With that in mind, I think it is important to note a strong methodological bias in these findings. Significantly, they rely on self-reporting of deliberate learning activities that are largely defined by the researchers. There’s a strong bias towards things like courses, tutorials, guides, workshops, conferences and clubs that are explicitly designed to support learning. It is worth observing that most learning is not designed and not intentional (including in formal education). Almost every act of communication involves at least a hint of learning and, especially for interactive media such as Internet or Mobile technologies, the percentage of time spent learning in the process is normally significant. Almost all reading, watching and dialogue involves learning. We might not recognize it as such, but every time we learn of Bieber’s latest exploits, or Trump’s latest vileness, or our friend’s new puppy, we are deeply engaged in acts of learning. It is not just (and rarely most importantly) about the content of what is learned, but the ways of being that such learning engenders. Our values, beliefs and attitudes are deeply dependent on our interactions with others, mediated or not, and what we perceive of the world around us (especially the people and their creations within it). What we choose to observe or communicate changes us. Often, we engage critically with what we read or watch or talk about. Even simple learning from observation is not just about copying but about interpreting and constructing. Internet technologies, in particular, have massively increased the quantity and breadth of such observation and communication. Most of what we know is not learned deliberately but emerges through our interactions with other people and the world around us. Most of what even traditional teachers teach is not the content of what they teach but the ways of being and thinking that go along with it.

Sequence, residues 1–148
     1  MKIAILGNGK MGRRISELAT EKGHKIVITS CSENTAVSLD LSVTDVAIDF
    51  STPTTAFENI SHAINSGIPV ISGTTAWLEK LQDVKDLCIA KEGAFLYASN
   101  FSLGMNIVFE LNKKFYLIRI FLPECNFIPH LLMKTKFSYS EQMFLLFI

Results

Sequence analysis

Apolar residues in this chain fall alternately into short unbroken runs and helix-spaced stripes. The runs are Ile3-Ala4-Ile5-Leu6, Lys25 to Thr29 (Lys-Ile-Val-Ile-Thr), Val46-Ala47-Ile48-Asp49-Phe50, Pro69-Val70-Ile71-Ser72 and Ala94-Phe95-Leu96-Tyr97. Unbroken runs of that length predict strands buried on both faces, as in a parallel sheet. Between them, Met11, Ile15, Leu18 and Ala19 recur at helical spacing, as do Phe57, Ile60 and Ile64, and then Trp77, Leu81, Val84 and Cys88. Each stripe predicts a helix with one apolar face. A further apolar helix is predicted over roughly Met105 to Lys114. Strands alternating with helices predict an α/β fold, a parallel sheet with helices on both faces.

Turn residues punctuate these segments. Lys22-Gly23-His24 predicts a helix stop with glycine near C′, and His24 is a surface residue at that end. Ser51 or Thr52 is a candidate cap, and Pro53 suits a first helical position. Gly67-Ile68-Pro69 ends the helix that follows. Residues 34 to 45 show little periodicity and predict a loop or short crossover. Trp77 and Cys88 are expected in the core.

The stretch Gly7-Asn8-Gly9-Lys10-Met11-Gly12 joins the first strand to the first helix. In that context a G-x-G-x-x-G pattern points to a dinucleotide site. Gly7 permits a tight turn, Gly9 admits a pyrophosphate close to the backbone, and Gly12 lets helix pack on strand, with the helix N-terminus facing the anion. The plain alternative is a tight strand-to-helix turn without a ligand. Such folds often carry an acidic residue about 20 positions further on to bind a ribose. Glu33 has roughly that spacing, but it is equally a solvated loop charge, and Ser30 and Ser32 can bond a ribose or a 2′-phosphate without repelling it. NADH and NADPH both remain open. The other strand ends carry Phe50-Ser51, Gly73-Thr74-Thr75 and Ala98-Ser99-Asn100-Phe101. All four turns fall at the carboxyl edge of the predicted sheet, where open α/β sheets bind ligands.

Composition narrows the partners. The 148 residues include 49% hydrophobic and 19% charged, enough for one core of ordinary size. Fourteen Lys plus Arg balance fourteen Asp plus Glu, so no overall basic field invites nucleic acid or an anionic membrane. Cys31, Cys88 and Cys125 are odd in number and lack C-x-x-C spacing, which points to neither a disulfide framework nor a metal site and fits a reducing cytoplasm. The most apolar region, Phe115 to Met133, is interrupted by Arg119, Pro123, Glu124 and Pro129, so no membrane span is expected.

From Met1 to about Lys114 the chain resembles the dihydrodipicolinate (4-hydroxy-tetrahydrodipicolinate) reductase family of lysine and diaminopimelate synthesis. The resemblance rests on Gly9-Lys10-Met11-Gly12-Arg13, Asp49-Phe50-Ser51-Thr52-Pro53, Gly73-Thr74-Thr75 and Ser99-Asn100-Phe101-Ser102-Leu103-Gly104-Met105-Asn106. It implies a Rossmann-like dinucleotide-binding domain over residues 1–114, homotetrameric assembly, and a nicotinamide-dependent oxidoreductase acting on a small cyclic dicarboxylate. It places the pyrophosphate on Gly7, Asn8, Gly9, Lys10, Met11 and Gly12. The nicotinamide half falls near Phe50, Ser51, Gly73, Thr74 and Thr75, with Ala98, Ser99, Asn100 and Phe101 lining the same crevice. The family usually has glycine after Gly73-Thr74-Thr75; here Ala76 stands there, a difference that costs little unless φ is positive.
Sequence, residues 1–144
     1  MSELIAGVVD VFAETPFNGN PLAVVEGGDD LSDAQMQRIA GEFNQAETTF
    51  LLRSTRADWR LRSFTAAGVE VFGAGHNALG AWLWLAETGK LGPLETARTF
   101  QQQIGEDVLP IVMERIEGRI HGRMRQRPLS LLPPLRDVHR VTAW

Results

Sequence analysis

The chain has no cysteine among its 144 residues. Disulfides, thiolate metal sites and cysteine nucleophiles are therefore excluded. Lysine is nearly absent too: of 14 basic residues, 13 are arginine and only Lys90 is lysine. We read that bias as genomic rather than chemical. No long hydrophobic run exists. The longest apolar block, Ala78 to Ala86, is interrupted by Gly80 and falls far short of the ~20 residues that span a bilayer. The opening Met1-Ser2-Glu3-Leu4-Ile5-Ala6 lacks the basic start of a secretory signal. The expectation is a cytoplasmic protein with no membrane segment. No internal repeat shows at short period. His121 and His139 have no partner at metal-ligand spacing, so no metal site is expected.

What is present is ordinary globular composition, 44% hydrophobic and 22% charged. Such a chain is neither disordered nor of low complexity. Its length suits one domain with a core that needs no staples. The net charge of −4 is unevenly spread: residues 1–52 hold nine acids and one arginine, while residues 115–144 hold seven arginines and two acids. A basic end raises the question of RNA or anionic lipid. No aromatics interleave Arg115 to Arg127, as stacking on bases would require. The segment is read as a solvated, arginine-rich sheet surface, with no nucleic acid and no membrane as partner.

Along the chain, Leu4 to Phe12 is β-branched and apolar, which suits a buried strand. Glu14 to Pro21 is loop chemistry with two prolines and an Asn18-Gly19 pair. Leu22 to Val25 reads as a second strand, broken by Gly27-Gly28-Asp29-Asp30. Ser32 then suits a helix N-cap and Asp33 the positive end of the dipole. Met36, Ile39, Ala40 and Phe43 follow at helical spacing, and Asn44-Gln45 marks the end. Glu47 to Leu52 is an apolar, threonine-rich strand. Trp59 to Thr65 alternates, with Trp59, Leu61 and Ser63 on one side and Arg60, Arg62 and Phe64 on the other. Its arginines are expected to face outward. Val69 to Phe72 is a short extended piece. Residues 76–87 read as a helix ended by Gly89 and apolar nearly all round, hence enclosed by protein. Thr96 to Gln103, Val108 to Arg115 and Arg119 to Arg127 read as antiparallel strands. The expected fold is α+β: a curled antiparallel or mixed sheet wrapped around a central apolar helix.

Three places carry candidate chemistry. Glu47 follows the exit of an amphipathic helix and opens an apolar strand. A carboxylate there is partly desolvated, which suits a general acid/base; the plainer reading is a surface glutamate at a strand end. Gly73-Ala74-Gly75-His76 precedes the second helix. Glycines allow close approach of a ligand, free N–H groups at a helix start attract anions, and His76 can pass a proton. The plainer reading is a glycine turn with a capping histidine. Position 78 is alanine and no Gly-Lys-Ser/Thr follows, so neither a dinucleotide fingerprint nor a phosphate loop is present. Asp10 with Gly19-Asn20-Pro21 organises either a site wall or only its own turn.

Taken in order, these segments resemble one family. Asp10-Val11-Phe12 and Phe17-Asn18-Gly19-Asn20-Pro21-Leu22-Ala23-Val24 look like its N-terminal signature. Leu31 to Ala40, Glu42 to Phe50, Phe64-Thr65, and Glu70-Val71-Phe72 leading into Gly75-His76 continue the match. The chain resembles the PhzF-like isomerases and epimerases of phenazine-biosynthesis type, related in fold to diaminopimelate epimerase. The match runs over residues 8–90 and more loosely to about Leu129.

To suggest or imply, therefore, that lack of deliberate learning through conventional channels means that no learning is happening is deeply mistaken, and somewhat dangerous, because it ignores all but the visible tip of the iceberg. By far the biggest opportunities for education lie not in the stuff that we educators currently do for a job, but in embedding learning in the everyday; in designing pedagogies that are not pedagogies; in creating architectures where learning can thrive rather than in deliberately leading people in directions we think they should go. It is possibly sad but definitely true that the Kardashians are far better teachers with far greater reach than most professional teachers, apart from (maybe) celebrities like David Attenborough, Randall Munroe, David Suzuki or Neil Degrasse Tyson. What the Kardashians teach might seem to have little value and, arguably, might have negative value, but it should not be discounted as irrelevant learning. Nor, for that matter, should what we learn (directly and indirectly) from politicians, musicians and sports stars. The shapers of our emerging global society are many and varied, and I would be hesitant to suggest, snobbishly, that the reflective, critical, synthetic, analytic and creative skills that professional teachers try to support should have a monopoly over the emotional, social, value-forming ways of thinking that other contributors to society provide in greater measure.